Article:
Jodi Heckel, a writer for the University of Illinois News Bureau, is a runner and triathlete. Her email is, and you can follow her on twitter (@jodiheckel).

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The Tokyo Olympic and Paralympic Games are a year away, but the athletes hoping to represent the U.S. have been training for years to get there.

I got a glimpse of home base for some of these athletes when I visited the Olympic and Paralympic Training Center in Colorado Springs, Colo., last week.

Many athletes live and train there full-time, while others come for short stays. The athletes who live and train there for four years are selected by their sports’ governing bodies. The facility also hosts training camps for younger athletes.

The center is the training facility for most indoor summer sports, such as gymnastics, boxing, cycling, shooting and wrestling. There are other facilities around the country that also host athletes.

Track and field athletes train in Chula Vista, Calif., for example, while swimmers often train at their home pools, a guide told my tour group. The University of Illinois, which has produced many Paralympians and medalists, is a Paralympic training site for track and field athletes.

One of the most impressive areas in the Colorado Springs center — for me, at least — was the high-altitude room. It contains four large treadmills and can simulate altitudes up to 24,000 feet. The temperature and humidity can also be adjusted to match the conditions an athlete is likely to face at his or her next competition.

The training pool was also impressive, with both underwater and overhead cameras to film swimmers and catwalks above the water to help coaches evaluate the athletes’ strokes. The pool is used mainly by Paralympic swimmers, although some Olympic swimmers also use it. Michael Phelps has trained there.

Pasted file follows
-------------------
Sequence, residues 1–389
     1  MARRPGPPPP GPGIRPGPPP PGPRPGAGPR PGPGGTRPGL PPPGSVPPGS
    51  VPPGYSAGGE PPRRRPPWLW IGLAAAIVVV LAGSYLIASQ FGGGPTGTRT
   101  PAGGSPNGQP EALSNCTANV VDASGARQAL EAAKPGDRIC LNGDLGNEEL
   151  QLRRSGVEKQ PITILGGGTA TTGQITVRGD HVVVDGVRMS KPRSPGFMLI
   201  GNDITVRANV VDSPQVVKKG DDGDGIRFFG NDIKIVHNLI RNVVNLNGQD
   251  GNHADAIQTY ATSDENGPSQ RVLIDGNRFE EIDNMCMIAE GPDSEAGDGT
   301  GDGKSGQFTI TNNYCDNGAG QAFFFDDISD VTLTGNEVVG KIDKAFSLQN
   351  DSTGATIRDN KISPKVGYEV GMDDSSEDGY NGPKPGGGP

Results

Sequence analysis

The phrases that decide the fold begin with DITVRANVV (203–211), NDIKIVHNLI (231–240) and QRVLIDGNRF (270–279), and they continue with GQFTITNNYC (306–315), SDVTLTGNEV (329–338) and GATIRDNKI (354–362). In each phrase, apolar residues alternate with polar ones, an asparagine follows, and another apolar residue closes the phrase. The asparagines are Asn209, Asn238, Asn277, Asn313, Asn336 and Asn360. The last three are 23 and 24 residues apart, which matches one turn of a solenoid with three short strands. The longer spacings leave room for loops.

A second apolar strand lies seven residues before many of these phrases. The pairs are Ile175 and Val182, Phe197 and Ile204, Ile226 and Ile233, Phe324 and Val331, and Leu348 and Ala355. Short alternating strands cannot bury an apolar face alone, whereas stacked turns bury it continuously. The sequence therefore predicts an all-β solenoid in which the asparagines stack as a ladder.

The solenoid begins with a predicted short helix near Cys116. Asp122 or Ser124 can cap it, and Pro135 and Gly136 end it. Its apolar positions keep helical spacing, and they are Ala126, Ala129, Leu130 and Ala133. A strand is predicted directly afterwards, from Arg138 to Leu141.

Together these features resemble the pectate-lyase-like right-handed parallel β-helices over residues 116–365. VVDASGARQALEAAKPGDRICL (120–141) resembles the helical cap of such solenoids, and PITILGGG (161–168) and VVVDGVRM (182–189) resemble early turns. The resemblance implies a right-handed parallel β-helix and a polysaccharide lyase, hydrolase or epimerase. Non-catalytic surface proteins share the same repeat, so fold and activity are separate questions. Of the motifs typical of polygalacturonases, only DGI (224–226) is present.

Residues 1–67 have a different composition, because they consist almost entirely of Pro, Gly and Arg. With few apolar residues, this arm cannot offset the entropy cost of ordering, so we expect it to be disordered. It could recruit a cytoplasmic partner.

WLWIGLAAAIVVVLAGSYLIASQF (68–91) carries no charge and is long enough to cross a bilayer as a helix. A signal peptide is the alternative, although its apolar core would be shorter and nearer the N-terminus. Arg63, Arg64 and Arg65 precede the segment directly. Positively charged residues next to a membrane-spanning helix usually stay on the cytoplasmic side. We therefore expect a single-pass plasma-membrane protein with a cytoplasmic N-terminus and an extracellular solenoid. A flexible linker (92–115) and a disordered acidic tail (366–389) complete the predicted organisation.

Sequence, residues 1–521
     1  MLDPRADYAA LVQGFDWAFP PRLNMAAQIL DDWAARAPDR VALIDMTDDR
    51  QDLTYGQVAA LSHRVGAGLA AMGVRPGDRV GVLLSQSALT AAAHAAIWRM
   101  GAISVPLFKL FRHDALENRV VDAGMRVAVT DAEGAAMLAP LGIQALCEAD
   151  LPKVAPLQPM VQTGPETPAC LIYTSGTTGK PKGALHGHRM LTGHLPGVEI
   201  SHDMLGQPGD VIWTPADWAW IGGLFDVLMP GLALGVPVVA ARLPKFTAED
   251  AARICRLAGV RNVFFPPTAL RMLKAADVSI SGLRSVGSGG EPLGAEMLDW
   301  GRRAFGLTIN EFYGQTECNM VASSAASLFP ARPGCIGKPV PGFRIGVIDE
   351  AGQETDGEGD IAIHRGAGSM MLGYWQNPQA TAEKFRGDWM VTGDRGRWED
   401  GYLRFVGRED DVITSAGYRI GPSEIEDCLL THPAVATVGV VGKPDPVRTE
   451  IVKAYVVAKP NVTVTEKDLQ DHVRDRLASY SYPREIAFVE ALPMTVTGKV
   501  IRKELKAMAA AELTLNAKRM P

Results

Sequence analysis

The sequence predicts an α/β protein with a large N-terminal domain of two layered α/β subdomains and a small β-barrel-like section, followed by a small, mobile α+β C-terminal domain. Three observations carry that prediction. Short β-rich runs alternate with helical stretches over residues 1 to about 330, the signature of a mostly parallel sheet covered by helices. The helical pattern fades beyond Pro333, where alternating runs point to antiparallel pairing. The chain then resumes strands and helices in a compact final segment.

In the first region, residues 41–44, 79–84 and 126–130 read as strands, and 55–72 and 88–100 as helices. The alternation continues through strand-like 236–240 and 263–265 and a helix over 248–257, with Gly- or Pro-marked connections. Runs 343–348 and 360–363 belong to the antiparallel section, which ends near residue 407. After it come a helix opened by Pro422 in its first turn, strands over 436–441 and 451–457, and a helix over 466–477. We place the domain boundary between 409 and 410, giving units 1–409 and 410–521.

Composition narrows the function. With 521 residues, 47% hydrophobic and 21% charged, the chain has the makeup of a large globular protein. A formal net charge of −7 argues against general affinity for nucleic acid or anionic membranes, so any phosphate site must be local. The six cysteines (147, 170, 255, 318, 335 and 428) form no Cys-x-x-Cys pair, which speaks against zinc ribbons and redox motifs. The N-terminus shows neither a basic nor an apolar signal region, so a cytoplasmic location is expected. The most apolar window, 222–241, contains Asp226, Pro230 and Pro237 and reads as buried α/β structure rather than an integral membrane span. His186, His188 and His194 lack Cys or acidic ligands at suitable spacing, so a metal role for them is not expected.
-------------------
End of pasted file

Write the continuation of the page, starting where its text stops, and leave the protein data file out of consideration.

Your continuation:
I was intrigued by the pulley system with a bucket attached at the end of every other lane. Our guide told us it is used for resistance training in which the water-filled bucket is attached via pulleys and a belt to a swimmer, who swims away to pull it upward.

Another particularly brutal-sounding workout we learned about: Athletes swim half a lap to a spot where a rope is hanging from the catwalk. They climb the rope, do some pullups on the catwalk, climb back down and continue swimming.

The Ted Stevens Sports Services Center is the newest building at the complex. It houses the high-altitude room as well as a strength and conditioning area with weight equipment, indoor and outdoor turf areas, and a short track with plates underneath for measuring force.

The building also contains a training kitchen where a nutritionist teaches athletes how to cook healthful meals that will best provide energy for workouts and help them recover.

The complex’s sports medicine services are also in the Sports Services Center, with a variety of medical staff and an MRI machine. Athletes can use anti-gravity treadmills that allow them to keep training and maintain their fitness even when injured. To do so, an athlete steps into a bag on the treadmill that is zipped around them and filled with air, reducing the effect of gravity by 80 percent.

We also saw the boxing gym and the wrestling gym, where men’s and women’s freestyle wrestlers and men’s Greco-Roman wrestlers practice. The wrestling gym is kept at 85 degrees to help the athletes both keep their muscles loose and lose water weight through sweating.

While winter Olympians and Paralympians train mostly at a site in Lake Placid, N.Y., an Olympic bobsledder was working out in the strength and conditioning area when I was at the Colorado Springs training center. He spotted our tour group, walked over to some weight plates and casually tossed them into the air and caught them, then flexed his muscles for our benefit. It will be fun to see how he and the other athletes who train at the center do in the next Olympic and Paralympic Games.

Jodi Heckel, a writer for the University of Illinois News Bureau, is a runner and triathlete. Her email is, and you can follow her on twitter (@jodiheckel).

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